Landsat Assessment of Variable Spectral Recovery Linked to Post-fire Forest

Sarah Smith-Tripp
Nicholas Coops
Christopher Mulverhill
Joanne White
Jodi Axelson
Resource Date:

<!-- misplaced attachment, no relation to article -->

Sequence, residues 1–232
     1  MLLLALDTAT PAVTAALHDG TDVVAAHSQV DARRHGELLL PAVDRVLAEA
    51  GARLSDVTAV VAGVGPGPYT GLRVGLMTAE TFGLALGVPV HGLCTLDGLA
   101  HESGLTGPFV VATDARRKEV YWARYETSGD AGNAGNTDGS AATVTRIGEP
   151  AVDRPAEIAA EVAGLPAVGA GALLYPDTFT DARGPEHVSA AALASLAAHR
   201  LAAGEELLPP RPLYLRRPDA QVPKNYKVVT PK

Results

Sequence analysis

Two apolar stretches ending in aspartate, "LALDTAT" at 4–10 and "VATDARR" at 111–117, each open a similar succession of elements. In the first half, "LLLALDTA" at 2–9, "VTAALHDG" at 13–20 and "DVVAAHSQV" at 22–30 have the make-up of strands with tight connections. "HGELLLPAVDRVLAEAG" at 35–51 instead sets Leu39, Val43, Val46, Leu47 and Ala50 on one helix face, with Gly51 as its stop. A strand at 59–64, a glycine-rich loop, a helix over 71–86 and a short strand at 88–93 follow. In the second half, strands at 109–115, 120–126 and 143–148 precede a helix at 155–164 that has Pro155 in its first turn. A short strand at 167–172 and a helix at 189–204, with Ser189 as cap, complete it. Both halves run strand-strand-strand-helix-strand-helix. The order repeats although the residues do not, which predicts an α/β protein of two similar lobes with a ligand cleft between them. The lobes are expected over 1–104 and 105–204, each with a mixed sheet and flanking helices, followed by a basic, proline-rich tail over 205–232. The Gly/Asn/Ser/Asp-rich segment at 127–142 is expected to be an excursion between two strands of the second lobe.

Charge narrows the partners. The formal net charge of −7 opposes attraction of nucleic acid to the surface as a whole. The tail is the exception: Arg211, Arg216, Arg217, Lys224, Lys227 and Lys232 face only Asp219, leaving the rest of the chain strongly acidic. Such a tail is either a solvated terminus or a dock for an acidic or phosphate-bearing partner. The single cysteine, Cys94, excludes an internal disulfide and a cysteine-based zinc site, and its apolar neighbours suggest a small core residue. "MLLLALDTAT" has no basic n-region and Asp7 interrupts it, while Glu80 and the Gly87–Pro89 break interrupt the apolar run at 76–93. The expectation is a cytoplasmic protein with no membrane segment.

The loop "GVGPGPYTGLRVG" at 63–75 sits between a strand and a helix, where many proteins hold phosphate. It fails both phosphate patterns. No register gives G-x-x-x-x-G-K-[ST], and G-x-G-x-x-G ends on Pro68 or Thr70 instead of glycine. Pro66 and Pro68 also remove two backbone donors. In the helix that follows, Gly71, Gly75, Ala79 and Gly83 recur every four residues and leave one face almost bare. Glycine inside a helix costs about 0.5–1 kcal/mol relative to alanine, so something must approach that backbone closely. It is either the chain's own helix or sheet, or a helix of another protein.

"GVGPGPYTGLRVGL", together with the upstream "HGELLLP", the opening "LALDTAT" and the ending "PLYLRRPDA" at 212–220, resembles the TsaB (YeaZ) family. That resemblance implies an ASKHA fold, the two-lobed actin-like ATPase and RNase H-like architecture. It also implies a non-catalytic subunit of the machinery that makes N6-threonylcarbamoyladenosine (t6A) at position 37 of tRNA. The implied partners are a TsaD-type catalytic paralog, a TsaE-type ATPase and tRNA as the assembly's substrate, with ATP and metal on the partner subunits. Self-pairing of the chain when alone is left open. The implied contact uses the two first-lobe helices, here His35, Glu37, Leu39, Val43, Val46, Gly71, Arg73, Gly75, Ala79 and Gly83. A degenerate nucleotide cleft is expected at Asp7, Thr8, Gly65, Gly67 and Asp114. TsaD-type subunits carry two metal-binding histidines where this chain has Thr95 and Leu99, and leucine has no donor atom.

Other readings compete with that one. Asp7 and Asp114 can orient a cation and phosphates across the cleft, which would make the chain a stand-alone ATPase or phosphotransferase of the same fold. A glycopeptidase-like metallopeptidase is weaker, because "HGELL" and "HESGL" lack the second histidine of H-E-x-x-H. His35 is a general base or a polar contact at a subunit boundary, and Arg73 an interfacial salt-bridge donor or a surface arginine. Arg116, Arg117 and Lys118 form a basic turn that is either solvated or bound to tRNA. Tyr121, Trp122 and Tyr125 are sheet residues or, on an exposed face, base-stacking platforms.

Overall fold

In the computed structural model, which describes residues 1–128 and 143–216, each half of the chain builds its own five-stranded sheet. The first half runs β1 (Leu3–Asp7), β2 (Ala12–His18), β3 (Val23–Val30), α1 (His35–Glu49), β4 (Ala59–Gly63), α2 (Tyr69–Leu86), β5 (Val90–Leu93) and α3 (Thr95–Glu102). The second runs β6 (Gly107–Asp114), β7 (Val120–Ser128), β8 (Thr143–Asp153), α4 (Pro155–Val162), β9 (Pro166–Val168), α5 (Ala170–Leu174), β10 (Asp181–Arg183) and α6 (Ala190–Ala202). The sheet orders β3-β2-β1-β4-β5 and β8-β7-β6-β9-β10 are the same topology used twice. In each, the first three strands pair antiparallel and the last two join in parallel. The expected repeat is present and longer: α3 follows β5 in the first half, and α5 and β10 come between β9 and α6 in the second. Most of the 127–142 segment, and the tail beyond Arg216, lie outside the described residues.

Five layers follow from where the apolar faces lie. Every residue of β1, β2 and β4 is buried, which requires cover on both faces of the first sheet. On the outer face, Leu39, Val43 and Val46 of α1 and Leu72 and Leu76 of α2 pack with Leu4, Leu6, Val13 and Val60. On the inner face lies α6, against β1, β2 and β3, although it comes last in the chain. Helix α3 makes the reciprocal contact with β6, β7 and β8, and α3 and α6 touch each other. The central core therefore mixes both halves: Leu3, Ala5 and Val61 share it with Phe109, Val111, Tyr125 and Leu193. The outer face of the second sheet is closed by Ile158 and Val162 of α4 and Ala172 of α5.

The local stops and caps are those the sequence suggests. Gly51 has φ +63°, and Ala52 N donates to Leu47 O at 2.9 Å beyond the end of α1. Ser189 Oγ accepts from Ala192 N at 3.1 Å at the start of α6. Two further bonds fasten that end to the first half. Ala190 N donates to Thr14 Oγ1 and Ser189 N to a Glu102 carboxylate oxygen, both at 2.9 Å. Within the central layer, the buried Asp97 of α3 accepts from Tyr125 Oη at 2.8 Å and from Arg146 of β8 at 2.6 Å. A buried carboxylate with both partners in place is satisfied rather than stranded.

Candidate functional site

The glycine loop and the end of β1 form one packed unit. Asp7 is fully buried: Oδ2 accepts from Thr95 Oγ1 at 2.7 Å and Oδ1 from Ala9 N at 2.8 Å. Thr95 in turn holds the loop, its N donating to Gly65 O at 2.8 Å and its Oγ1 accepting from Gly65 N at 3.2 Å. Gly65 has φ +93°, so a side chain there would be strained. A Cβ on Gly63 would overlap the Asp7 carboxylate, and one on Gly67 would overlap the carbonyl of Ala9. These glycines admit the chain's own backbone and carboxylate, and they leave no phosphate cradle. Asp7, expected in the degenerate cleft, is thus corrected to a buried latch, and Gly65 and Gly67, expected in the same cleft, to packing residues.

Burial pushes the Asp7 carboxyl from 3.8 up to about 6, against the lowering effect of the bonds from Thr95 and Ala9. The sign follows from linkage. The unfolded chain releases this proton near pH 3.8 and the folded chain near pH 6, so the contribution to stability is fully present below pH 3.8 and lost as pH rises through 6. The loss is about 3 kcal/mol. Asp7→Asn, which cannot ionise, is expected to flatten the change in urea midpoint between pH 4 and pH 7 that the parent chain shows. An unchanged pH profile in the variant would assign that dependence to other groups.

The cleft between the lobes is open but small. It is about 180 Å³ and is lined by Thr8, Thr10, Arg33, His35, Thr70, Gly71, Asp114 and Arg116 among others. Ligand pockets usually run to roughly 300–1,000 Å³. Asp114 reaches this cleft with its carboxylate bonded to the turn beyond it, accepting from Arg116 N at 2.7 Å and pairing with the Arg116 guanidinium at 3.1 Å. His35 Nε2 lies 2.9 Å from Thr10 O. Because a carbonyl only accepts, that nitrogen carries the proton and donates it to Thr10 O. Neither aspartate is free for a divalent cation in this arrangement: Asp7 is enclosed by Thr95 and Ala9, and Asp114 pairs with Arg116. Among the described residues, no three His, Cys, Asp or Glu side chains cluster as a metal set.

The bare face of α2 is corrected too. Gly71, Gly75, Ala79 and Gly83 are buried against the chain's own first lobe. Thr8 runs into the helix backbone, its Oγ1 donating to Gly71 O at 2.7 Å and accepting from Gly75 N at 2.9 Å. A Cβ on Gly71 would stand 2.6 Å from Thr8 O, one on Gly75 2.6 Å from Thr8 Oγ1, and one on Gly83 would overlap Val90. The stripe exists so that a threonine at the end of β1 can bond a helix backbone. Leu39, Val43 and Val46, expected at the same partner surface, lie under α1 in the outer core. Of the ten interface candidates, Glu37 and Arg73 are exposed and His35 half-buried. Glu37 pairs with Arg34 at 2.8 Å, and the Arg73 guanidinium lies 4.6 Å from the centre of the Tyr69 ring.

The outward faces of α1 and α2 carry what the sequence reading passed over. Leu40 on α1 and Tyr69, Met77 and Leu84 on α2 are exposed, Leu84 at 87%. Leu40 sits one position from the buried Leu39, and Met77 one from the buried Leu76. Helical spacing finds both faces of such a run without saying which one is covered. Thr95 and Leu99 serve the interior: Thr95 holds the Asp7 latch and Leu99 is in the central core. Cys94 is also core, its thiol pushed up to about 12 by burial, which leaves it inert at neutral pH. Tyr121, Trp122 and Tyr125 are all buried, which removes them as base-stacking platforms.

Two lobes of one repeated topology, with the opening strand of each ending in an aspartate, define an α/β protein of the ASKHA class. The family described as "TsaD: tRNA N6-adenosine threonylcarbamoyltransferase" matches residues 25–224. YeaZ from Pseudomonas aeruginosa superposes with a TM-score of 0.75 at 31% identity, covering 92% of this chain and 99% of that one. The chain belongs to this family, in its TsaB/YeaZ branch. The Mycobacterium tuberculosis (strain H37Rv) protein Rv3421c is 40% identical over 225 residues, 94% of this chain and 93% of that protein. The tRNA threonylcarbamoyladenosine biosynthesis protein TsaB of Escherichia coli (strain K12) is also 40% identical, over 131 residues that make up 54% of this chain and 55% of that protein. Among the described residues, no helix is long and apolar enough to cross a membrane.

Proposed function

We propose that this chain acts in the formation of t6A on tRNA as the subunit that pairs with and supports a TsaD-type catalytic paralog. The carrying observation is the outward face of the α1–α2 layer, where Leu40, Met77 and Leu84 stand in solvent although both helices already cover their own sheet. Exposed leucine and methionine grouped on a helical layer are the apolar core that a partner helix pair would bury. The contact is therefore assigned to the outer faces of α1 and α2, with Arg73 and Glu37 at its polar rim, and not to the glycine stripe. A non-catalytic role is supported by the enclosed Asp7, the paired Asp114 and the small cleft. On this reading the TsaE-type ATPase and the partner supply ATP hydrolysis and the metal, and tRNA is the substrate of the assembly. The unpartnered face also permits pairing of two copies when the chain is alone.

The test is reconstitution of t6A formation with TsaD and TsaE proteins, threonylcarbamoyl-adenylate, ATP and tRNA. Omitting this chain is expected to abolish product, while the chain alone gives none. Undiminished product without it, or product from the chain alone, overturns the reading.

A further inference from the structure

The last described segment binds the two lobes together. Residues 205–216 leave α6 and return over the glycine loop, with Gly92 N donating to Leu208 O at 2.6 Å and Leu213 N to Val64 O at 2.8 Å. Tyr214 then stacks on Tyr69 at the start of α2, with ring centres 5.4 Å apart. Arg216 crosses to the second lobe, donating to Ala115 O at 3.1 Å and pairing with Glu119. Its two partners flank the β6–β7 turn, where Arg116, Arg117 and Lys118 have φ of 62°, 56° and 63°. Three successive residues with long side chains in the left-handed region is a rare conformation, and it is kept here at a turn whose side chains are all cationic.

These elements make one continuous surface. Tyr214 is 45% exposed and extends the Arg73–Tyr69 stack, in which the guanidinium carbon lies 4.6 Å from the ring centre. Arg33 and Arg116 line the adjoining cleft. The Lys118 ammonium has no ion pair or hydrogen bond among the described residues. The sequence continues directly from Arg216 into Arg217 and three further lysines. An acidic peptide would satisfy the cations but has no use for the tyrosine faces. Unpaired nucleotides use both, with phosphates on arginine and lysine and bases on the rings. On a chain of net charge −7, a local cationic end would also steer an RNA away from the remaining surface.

Forest disturbances such as wildfires can dramatically alter forest structure and composition, increasing the likelihood of ecosystem changes. Up-to-date and accurate measures of post-disturbance forest recovery in managed forests are critical, particularly for silvicultural planning. Measuring the live and dead vegetation postfire is challenging because areas impacted by wildfire may be remote, difficult to access, and/or dangerous to survey. The difficulties of post-fire monitoring are compounded by the global increase in the frequency and severity of disturbances, as expansion of disturbed areas also increases the number and size of areas requiring post-disturbance monitoring. Methods that safely, efficiently, and extensively differentiate silviculturally beneficial coniferous growth from barren ground or deciduous shrubs are necessary to inform post-fire forest management. Satellite imagery can detect burn patterns, but monitoring changes in forest structure post fire is challenging due to complex vegetation responses. To overcome this challenge, this study combines post disturbance spectral trajectory measures from a time series of historical Landsat imagery with field and remotely piloted aircraft (RPA) lidar (light detection and ranging) data to examine vegetation recovery of lodgepole pine (Pinus contorta) dominated sub-boreal forests after high-severity fires in 2006 in central British Columbia, Canada. Distinct spectral recovery trajectories were identified using data-clustering from a combination of seven Landsat spectral indices, with trajectories varying by recovery magnitude and rate. The forest structure associated with each distinct trajectory of spectral recovery was analyzed using 430 ha of spatially explicit forest structure measures (e.g., basal area, stem counts) and composition (e.g., percent coniferous) derived from 26 coincident field plots and high density RPA lidar (>200 points/m2) data. By comparing spectral trajectories to forest structure measures, we found the most spatially abundant cluster of spectral recovery coincided with a basal area of 0.62 m2/ha, high stem densities (>5000 stems/ha) and a high abundance of coniferous trees (>95 % coniferous). Around 10 % of the landscape was associated with relatively high abundance of deciduous vegetation (>20 %) in addition to very high conifer stem densities (>8000 stems/ha). By identifying the structural characteristics associated with unique Landsat spectral trajectories, we highlight the combined value of RPA lidar data and satellite image time series in providing a detailed and spatially explicit characterization of post-fire recovery relevant to managed forests.